In our latest blog, Director General Ed Humpherson looks at the importance of government evaluation in light of the Evaluation Task Force ‘Policy that Works’ conference.

There are lots of good reasons to love evaluation. It provides evidence of what works; it supports good policy; it builds the skills and reputation of analysts; it helps scrutiny. 

But I love evaluation for another reason too. Evaluation, done well, is fundamental to changing the way government in the UK works. 

This week the Evaluation Task Force is running one of the biggest ever conferences on government evaluation. So it’s a great time to celebrate evaluation, and my reasons for loving it.  

In a recent speech, Bronwen Maddox, the Institute for Government’s Director, set out a compelling case for why government needs to change. She highlighted the challenges of rotation of officials, moving on for career advancement so they don’t build grounded expertise in their subject matter. She talked of a lack of accountability. And she said these things combined to create an air of “unreality” to the way Government approached key challenges.  

In some ways this critique is exaggerated. There are lots of examples of officials with grounded expertise, taking responsibility for their decisions and implementation, and understanding the realities of the policy problems they are addressing. But there are enough cases where the critique is fair for us all to take it seriously. I saw it when I was looking at the value for money of Government programmes when I was at the National Audit Office. And I see it now in our work at the Office for Statistics Regulation. 

Evaluation is for me a great antidote to these problems. By committing to evaluation, as it is doing through the Evaluation Task Force, Government is investing in corporate memory. It lays down the groundwork for a commitment to gathering and retaining evidence of what works, and, crucially, how and why it works. By committing to evaluation, Government is creating an intelligent form of accountability – not the theatre of blame and finger-pointing, but of a clear-headed consideration of what has actually happened as policy is implemented. And by a relentless focus on real-world evidence, evaluation combats Maddox’s air of unreality. 

It aligns with a lot of what we champion at the Office for Statistics Regulation. We have emphasised the importance of analytical leadership in Government – how Government and society benefits when the analytical function is not simply a passive provider of numbers, but a key partner in the work of Government. And this requires the analytical function to be full of leaders, who can articulate the benefits of analysis, and make it relevant and useful – not just to policy makers but to a wider public.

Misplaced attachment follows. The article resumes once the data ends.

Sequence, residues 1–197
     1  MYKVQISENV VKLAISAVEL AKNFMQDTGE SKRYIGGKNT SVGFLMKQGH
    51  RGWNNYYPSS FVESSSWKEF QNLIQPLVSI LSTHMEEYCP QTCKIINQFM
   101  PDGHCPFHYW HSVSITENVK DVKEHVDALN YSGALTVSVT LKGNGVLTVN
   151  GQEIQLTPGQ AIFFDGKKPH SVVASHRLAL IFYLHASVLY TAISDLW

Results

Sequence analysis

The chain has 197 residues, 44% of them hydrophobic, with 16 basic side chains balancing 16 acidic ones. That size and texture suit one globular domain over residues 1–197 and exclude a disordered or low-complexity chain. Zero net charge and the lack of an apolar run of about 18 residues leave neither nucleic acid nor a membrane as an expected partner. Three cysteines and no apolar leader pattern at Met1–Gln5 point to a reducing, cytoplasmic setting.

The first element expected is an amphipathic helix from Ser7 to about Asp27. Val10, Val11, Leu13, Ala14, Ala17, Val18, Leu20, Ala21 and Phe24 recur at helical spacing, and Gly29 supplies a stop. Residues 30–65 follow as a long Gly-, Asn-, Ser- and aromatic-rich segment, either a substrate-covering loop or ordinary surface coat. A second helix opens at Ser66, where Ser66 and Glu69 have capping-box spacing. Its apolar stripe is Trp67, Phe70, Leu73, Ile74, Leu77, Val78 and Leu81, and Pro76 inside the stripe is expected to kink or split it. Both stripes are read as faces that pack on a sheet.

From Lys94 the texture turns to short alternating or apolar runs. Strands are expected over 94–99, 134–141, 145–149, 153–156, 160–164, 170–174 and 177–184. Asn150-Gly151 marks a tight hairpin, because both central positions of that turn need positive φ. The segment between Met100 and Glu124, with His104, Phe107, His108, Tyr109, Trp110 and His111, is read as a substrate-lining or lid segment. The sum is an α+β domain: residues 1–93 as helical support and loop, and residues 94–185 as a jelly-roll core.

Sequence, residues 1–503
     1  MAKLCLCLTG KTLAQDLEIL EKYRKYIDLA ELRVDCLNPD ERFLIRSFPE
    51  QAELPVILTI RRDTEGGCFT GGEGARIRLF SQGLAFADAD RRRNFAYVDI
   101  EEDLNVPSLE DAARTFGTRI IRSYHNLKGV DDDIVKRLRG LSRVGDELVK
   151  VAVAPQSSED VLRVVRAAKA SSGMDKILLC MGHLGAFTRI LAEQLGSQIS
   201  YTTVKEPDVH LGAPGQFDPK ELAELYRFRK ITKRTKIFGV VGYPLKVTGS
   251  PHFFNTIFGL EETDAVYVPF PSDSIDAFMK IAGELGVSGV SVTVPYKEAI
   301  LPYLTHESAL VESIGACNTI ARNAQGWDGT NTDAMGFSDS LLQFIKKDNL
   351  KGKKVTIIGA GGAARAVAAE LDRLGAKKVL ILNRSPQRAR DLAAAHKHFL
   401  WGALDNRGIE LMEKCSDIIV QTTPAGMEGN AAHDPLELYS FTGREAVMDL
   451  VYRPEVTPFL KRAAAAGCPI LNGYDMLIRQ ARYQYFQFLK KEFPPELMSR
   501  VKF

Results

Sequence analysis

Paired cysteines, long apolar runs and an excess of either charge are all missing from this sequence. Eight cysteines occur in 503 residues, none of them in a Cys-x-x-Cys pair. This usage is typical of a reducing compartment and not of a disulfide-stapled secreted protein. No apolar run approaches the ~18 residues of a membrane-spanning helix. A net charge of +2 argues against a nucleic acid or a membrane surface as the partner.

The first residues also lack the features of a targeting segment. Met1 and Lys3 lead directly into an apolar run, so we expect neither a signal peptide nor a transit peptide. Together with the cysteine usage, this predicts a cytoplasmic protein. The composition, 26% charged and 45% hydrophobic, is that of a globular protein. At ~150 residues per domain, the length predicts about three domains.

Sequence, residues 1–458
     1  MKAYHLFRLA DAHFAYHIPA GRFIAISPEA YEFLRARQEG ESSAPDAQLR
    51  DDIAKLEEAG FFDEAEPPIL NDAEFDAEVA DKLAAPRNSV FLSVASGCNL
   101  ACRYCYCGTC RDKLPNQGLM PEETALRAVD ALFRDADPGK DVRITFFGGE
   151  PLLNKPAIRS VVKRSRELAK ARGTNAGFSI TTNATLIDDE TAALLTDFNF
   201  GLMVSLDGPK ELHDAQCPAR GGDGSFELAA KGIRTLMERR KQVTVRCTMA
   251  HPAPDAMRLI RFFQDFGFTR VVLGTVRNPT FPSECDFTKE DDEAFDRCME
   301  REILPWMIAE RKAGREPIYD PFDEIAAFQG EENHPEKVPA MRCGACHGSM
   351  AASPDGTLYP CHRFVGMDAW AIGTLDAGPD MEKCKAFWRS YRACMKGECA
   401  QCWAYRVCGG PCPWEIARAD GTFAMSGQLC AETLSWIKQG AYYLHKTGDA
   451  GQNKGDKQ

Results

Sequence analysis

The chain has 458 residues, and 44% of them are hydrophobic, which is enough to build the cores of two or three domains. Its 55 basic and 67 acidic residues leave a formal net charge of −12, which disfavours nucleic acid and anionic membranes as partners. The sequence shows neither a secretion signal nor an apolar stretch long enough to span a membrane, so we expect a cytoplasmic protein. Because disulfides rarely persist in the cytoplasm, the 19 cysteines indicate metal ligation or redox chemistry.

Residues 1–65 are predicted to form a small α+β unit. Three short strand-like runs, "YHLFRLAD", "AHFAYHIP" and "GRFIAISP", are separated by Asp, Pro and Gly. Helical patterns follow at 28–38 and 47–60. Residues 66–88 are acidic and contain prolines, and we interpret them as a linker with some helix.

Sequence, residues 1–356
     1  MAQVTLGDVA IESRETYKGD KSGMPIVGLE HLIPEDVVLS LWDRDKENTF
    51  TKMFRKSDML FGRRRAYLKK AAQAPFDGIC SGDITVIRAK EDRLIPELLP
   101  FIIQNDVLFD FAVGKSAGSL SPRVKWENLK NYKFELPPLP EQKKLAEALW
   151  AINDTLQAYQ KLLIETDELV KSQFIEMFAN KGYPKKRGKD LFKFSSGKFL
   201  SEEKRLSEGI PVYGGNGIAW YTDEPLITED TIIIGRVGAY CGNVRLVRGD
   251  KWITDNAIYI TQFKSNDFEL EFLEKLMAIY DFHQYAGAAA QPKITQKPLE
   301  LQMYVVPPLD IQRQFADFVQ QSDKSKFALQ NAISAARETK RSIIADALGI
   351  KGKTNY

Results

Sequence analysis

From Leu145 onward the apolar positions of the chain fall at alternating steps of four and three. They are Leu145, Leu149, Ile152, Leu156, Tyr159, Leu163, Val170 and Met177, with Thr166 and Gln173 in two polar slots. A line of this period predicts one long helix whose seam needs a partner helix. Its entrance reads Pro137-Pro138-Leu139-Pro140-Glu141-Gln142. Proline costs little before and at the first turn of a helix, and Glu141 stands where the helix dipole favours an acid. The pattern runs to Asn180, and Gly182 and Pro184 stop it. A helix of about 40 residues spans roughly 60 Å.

And we champion public confidence in data produced by Government. This public confidence is secured by focusing on trustworthiness, quality and value. 

Analytical leadership, and the triumvirate of trustworthiness, quality and value, are central to securing the benefits of evaluation. Analytical leadership matters because to do great evaluation requires clarity of vision, strong objectives, and long-term organisational commitment. 

And trustworthiness, quality and value are central to good evaluation: 

  • Trustworthiness is having confidence in the people and organisations that produce statistics and data – being open to learning what works and what doesn’t, and open about the use of all evaluation, giving advance notice about plans and sharing the findings. The commitments to transparency that the Evaluation Task Force is making are crucial in this regard.
  • Quality means data and methods that produce assured statistics – it ensures the evaluation question is well defined and the right data and robust methods are selected, tested, and explained.
  • Value supports society’s needs for information – it means evaluation can be impactful, addressing the right questions and ensuring the correct understanding of the evidence.

Of course, I don’t claim for a second that evaluation is the sole or perfect panacea for the challenges of government. That too would be an exaggeration. But I do think it has tremendous potential to help shift the way government works. Led in the right way, and adhering to the principles of TQV, evaluation can make a big difference to the way government operates. 

That is why I applaud the energy and focus of the Evaluation Task Force, which has galvanised interest and attention. It’s why I like the Evaluation Task Force’s website and why I celebrate this week’s conference. 

And it is why I love evaluation.